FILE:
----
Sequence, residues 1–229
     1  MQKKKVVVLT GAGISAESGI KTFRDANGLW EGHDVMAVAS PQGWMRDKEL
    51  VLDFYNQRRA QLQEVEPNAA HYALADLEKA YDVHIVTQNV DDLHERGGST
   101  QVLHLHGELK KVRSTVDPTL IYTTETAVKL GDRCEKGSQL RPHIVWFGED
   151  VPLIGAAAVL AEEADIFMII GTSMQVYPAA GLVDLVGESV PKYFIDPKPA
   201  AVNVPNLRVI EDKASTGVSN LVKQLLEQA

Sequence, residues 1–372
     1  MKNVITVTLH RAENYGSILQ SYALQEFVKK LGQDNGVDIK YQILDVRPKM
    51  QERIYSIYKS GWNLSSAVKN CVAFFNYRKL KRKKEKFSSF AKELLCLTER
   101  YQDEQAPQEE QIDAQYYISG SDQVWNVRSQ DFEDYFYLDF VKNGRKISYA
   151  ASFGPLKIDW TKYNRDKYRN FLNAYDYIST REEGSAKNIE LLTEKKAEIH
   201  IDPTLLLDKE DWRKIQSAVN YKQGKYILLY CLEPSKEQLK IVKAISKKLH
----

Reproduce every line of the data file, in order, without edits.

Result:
Sequence, residues 1–229
     1  MQKKKVVVLT GAGISAESGI KTFRDANGLW EGHDVMAVAS PQGWMRDKEL
    51  VLDFYNQRRA QLQEVEPNAA HYALADLEKA YDVHIVTQNV DDLHERGGST
   101  QVLHLHGELK KVRSTVDPTL IYTTETAVKL GDRCEKGSQL RPHIVWFGED
   151  VPLIGAAAVL AEEADIFMII GTSMQVYPAA GLVDLVGESV PKYFIDPKPA
   201  AVNVPNLRVI EDKASTGVSN LVKQLLEQA

Sequence, residues 1–372
     1  MKNVITVTLH RAENYGSILQ SYALQEFVKK LGQDNGVDIK YQILDVRPKM
    51  QERIYSIYKS GWNLSSAVKN CVAFFNYRKL KRKKEKFSSF AKELLCLTER
   101  YQDEQAPQEE QIDAQYYISG SDQVWNVRSQ DFEDYFYLDF VKNGRKISYA
   151  ASFGPLKIDW TKYNRDKYRN FLNAYDYIST REEGSAKNIE LLTEKKAEIH
   201  IDPTLLLDKE DWRKIQSAVN YKQGKYILLY CLEPSKEQLK IVKAISKKLH